Alzheimer’s is a terminal illness. There is presently no cure for it (of course we hope there can be one before long). But we can treat it, not necessarily with medicine, but by the way in which we relate and help to improve the quality of a person’s life. This was one of the key truths we learned from the book: I’m Still Here by John Zeisel (London: Piatkus, 2011). Reading it was a revelation.
His basic point was that the person with Alzheimer’s is still a person with whom we can relate, though it is a different relationship. It’s the same person, but it’s not the same person. We need to understand this change: we can’t go back to the old relationship. But we can build a new relationship.
An important part of the brain connected with experiencing emotions, known as the amygdala (because it is shaped like an almond), remains strong. Shoko’s ability to show affection and express her love was as strong as ever.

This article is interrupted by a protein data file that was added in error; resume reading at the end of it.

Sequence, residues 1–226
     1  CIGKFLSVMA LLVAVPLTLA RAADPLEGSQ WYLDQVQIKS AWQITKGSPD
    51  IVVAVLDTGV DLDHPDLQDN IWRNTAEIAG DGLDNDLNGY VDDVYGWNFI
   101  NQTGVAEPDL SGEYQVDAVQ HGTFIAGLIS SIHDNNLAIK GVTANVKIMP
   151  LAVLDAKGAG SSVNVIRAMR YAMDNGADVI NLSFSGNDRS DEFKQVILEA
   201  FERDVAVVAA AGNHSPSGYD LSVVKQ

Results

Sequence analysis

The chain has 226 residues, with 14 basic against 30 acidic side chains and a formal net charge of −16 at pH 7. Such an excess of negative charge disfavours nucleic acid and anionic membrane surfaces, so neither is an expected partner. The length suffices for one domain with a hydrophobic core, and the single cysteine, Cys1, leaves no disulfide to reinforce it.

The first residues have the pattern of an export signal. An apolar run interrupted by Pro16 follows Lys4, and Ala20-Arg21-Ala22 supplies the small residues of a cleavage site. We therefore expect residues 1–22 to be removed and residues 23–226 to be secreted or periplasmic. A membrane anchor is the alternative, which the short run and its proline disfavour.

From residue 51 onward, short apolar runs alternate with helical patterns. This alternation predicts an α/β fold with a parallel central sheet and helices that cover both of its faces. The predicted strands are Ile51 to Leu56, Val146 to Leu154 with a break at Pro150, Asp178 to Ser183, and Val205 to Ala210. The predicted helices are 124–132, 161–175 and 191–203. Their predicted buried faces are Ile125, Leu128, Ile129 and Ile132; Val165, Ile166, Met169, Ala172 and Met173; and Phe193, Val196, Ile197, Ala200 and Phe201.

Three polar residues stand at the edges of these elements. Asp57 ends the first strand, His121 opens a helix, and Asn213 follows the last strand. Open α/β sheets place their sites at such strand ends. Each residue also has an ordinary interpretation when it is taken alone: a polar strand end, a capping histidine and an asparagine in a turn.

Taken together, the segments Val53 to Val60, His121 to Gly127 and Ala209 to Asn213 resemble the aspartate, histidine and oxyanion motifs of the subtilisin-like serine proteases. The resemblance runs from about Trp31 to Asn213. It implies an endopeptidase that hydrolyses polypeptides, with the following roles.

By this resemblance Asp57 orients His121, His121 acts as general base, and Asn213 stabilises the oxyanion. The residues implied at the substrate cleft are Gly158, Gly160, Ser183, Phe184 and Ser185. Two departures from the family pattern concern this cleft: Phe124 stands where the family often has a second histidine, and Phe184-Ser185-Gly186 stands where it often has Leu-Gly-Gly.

Reading the book gave us this challenge. We can choose to build a new kind of relationship, or we can choose not to.
There is both sadness and joy in this transition. We were experiencing the sadness. It was hard to let go of the characteristics we had treasured. But now we could enter into a new relationship. She was not the same, yet she was still the same: still loving, still hospitable, still smiling, despite the uncertainty and confusion that she must be experiencing each day.
As we cared for her with love and attention, we were treating her illness.
Living with Alzheimer's – a Love Story is available online or through your local bookshop